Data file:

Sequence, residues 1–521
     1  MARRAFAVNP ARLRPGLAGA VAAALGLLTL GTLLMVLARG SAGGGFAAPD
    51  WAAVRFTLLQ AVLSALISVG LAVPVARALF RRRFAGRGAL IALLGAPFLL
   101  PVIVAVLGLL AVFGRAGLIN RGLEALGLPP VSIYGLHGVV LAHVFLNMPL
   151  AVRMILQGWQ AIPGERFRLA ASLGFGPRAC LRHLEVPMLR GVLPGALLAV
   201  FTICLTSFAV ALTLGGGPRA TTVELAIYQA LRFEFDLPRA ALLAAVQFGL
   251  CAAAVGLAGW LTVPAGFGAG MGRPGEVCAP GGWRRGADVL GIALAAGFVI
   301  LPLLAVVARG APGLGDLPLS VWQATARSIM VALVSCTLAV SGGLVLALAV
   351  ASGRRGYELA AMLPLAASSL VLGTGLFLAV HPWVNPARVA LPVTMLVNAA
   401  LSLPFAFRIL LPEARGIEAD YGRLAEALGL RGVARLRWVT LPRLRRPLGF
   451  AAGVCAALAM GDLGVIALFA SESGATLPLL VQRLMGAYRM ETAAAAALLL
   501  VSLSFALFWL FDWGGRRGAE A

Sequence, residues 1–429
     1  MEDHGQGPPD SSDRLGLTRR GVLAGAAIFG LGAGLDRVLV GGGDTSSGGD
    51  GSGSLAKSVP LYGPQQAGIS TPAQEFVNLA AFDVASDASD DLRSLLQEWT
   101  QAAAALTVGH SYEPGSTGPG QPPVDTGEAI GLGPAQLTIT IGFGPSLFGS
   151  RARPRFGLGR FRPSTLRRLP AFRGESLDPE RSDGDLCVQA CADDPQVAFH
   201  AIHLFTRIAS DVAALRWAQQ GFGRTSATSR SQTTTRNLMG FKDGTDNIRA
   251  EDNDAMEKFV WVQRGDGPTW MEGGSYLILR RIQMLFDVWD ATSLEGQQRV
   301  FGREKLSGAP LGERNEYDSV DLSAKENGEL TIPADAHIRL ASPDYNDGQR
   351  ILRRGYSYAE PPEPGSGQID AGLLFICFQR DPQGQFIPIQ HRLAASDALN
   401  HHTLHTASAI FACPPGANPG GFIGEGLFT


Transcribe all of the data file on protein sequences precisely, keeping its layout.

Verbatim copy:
Sequence, residues 1–521
     1  MARRAFAVNP ARLRPGLAGA VAAALGLLTL GTLLMVLARG SAGGGFAAPD
    51  WAAVRFTLLQ AVLSALISVG LAVPVARALF RRRFAGRGAL IALLGAPFLL
   101  PVIVAVLGLL AVFGRAGLIN RGLEALGLPP VSIYGLHGVV LAHVFLNMPL
   151  AVRMILQGWQ AIPGERFRLA ASLGFGPRAC LRHLEVPMLR GVLPGALLAV
   201  FTICLTSFAV ALTLGGGPRA TTVELAIYQA LRFEFDLPRA ALLAAVQFGL
   251  CAAAVGLAGW LTVPAGFGAG MGRPGEVCAP GGWRRGADVL GIALAAGFVI
   301  LPLLAVVARG APGLGDLPLS VWQATARSIM VALVSCTLAV SGGLVLALAV
   351  ASGRRGYELA AMLPLAASSL VLGTGLFLAV HPWVNPARVA LPVTMLVNAA
   401  LSLPFAFRIL LPEARGIEAD YGRLAEALGL RGVARLRWVT LPRLRRPLGF
   451  AAGVCAALAM GDLGVIALFA SESGATLPLL VQRLMGAYRM ETAAAAALLL
   501  VSLSFALFWL FDWGGRRGAE A

Sequence, residues 1–429
     1  MEDHGQGPPD SSDRLGLTRR GVLAGAAIFG LGAGLDRVLV GGGDTSSGGD
    51  GSGSLAKSVP LYGPQQAGIS TPAQEFVNLA AFDVASDASD DLRSLLQEWT
   101  QAAAALTVGH SYEPGSTGPG QPPVDTGEAI GLGPAQLTIT IGFGPSLFGS
   151  RARPRFGLGR FRPSTLRRLP AFRGESLDPE RSDGDLCVQA CADDPQVAFH
   201  AIHLFTRIAS DVAALRWAQQ GFGRTSATSR SQTTTRNLMG FKDGTDNIRA
   251  EDNDAMEKFV WVQRGDGPTW MEGGSYLILR RIQMLFDVWD ATSLEGQQRV
   301  FGREKLSGAP LGERNEYDSV DLSAKENGEL TIPADAHIRL ASPDYNDGQR
   351  ILRRGYSYAE PPEPGSGQID AGLLFICFQR DPQGQFIPIQ HRLAASDALN
   401  HHTLHTASAI FACPPGANPG GFIGEGLFT